Anca Maria RÃ£ducanu, Roxana Speranta Vlad, Ion Victor Feraru, Monica CrÃ£ciuneac, Claudiu Herteliu, Irina Cristea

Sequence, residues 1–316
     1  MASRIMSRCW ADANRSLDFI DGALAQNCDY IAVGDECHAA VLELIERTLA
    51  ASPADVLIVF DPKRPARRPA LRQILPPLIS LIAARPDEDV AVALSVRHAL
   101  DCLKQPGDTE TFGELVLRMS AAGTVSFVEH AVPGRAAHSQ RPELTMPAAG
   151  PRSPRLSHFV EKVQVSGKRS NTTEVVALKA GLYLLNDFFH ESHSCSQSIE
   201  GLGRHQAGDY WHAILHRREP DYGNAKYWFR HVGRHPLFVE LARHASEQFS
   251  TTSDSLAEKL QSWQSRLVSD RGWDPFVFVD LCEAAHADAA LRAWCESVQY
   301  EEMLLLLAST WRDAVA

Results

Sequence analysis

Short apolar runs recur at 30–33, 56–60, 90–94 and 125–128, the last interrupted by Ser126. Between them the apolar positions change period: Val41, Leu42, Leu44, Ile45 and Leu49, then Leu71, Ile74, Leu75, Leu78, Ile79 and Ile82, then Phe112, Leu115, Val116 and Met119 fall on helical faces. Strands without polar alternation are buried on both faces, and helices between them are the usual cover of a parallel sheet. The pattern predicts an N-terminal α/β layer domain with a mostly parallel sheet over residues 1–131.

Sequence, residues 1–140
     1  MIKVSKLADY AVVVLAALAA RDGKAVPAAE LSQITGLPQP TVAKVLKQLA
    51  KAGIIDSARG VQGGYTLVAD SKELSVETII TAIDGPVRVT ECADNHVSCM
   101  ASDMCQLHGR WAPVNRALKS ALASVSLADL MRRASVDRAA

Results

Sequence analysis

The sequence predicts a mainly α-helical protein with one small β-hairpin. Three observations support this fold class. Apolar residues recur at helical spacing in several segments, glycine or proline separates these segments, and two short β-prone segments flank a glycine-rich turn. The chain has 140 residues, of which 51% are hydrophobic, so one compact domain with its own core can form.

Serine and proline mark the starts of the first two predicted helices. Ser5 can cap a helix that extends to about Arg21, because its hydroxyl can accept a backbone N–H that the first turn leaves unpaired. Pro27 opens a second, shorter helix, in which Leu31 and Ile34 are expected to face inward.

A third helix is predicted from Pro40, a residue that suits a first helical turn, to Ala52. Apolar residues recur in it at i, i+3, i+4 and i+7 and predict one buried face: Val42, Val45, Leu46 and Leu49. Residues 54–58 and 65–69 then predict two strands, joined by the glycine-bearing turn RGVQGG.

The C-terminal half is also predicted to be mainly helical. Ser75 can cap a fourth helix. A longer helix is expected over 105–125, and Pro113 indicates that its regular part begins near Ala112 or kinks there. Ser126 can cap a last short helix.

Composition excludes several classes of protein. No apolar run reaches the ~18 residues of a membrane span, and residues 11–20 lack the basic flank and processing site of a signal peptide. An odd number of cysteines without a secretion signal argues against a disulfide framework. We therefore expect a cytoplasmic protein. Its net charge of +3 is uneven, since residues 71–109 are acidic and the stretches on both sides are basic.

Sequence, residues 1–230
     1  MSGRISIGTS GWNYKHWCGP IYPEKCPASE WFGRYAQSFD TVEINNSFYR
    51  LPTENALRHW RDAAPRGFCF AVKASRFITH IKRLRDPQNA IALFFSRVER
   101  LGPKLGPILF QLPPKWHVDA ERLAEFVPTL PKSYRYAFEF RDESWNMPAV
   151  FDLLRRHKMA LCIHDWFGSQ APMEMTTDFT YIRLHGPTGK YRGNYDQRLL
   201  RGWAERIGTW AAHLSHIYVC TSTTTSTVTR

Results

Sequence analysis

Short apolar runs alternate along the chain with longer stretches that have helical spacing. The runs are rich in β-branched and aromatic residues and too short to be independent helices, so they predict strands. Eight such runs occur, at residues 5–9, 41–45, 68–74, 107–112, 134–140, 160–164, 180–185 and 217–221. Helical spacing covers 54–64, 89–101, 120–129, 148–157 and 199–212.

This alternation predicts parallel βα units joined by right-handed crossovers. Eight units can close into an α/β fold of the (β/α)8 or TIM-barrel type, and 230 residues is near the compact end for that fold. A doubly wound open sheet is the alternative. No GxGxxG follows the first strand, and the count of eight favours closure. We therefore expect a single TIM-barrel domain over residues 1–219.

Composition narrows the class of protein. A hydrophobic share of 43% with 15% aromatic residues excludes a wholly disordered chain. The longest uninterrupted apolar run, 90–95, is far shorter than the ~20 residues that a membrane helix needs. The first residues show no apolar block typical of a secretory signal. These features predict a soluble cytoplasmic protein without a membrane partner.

Introduction: Many scientific studies have evaluated the general development of children with early childhood caries (ECC). The results of these studies may vary, between the lack of association of this disease with alterations in the general parameters of growth and the presence of significant modifications of these parameters but none have previously been performed in Romania. Aims: To compare the anthropometric indices (Ponderal, Statural, and Nutritional) of two groups of preschool children with/without (severe) early childhood caries?(S)-ECC and to assess any association between theses variables. Methods: The study was conducted using two groups of preschool children: a study group of 308 patients (141 girls and 167 boys) with S-ECC and a control group of 200 children (100 girls and 100 boys) without ECC. After obtaining parental consent and ethics approval, all children were examined for caries by one examiner. Their height and weight were measured in order to calculate their Ponderal Index (PI), Statural Index (SI), and Nutritional Index (NI). Changes in these anthropometric indices were evaluated based on age, gender, and severity of ECC. To test for statistical differences between the groups, the chi-square test was used. Odds ratios were also calculated. Results: In both groups, normal overall development predominated. PI was the most affected, particularly in children with S-ECC. In children with modified growth parameters, underweight predominated (more than half of the children with S-ECC). More than three-quarters of the underweight children with S-ECC showed a ponderal (weight) deficiency of between 10% and 25%. In contrast, among the healthy children in the control group, the predominant growth disorder was overweight. Conclusions: The growth of 28.6% of the preschool children in the study group (estimated through the NI) appeared to be negatively associated with ECC. There was a directly proportional association between the severity of ECC and the severity of the underdevelopment, expressed by the alteration of the development indices (SI, PI, and NI). The children?s age had a statistically relevant influence on the alteration in growth. The greatest differences for all the development indexes were found in children older than five years. Gender had no statistically significant impact on the general growth parameters.